2022 has been a mixed bag for European tech so far. Between talks of a downturn, slashed valuations, layoffs and a generally poor macro environment, VC funding has taken a hit downwards from 2021's hypergrowth.
But it’s not all bad news. VCs have continued to raise significant cash this year — EQT Growth’s €2.4bn fund and Cathay Innovation’s €1bn money pot, for example — and some countries on the continent have shown promising signs of growth.
Here’s the state of play after Q3.
Between a slow September and a sleepy August
August is known across Europe as a dull month — OOO messages flood founders’ inboxes and planned deals are put off for later in the summer. But this year the European VC pullback has not stopped there.
At $18.5bn, aggregate Q3 investment has significantly plunged below previous quarters, although it still sits higher than pre-2021 levels.
Much is to blame on a slower than usual September — recovery has proven moderate, as the month failed to adjust to the upward path seen in recent years. Not only that, but September funding was also lower than July’s for the first time in four years — about a third down, and around 43% the levels of September 2021.
UK turmoil, Franco-German volatility and the Italian sprint
Q3 has reshuffled some of the more traditional funding patterns across Europe, as mature ecosystems saw more of a slowdown, while smaller ecosystems attracted healthy amounts of funding.
While still Europe’s largest tech hub, the UK suffered a 60% quarter-on-quarter decline in VC funding, ending up at only a third of what it was the same period last year. Around 500 deals were closed over the summer — the fewest for a single quarter in eight years. Only eight of those surpassed the $100m tag, against 27 in Q3 2021. Shockingly, there were as many UK megarounds back then as for the whole of Europe in Q3 this year.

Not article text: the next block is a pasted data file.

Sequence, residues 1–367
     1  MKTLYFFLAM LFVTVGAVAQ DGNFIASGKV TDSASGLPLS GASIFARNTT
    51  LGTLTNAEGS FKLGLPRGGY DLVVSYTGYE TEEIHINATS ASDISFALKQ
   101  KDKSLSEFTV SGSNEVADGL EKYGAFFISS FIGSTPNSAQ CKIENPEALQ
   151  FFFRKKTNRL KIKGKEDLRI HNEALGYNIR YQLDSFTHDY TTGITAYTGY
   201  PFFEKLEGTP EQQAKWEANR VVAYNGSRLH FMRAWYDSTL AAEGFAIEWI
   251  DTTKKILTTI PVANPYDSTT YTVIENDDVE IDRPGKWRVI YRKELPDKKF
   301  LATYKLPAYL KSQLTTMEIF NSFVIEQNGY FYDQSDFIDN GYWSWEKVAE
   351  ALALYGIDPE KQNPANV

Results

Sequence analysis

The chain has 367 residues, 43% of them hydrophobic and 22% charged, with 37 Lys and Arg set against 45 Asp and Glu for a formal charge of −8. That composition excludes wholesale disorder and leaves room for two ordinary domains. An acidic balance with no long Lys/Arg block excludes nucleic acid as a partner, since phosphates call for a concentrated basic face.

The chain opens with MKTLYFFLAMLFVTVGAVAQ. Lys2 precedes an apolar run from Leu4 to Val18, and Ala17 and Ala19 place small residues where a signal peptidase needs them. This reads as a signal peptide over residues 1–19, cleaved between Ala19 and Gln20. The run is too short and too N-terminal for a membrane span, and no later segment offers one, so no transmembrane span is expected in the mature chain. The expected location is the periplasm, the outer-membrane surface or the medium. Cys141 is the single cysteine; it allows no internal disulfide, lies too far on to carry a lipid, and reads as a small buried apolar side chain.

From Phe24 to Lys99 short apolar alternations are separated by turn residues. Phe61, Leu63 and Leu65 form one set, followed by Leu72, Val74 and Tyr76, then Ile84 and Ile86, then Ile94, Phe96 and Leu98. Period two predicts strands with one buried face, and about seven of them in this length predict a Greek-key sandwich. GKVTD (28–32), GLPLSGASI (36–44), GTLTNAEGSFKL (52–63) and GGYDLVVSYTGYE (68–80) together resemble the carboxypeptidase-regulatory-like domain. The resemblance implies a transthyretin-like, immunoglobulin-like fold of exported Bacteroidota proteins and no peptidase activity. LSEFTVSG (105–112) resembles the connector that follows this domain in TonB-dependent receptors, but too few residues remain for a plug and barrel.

As a consequence, competition for Europe’s top funding destination has never been tighter. The closest gap between first and second ($900m) was recorded in Q3 2019, when Germany leapfrogged its way into second place with rounds for N26, BioNTech and Flix SE.
The troubling catch: top dogs France and Germany are slowing down too.
After peaking in Q1, French VC funding fell to a 15-month low in Q3 ($2.5bn). But the traction that minted unicorns Qonto, Exotec, Ankorstore, PayFit and Spendesk earlier this year has not yet run out, as the country still stands well above pre-2021 trendlines.
At $2.6bn, Germany followed a smoother quarterly decline — around 33% — though it had not yet caught up with total funding being funnelled into France over the year.
Elsewhere, some countries are warming up to the prospect of unprecedented growth.
The hot Mediterranean summer has given Italy its all-time record quarter — at $840m, it’s more than the entire amount poured in 2020 alone. Some rare megarounds sent ripples across Europe, including a whopping €320m Series D for payments unicorn Satispay, Casavo’s €100m Series D and Bending Spoon’s $340m raise (of which 88% was debt).
Sweden also quietly emerged as one of the most active ecosystems in Q3, bringing in $2.6bn — a 100% quarter-on-quarter increase. Other than Northvolt and Klarna, H2 Green Steel and Kry grabbed a €190m Series B and a $160m Series D respectively.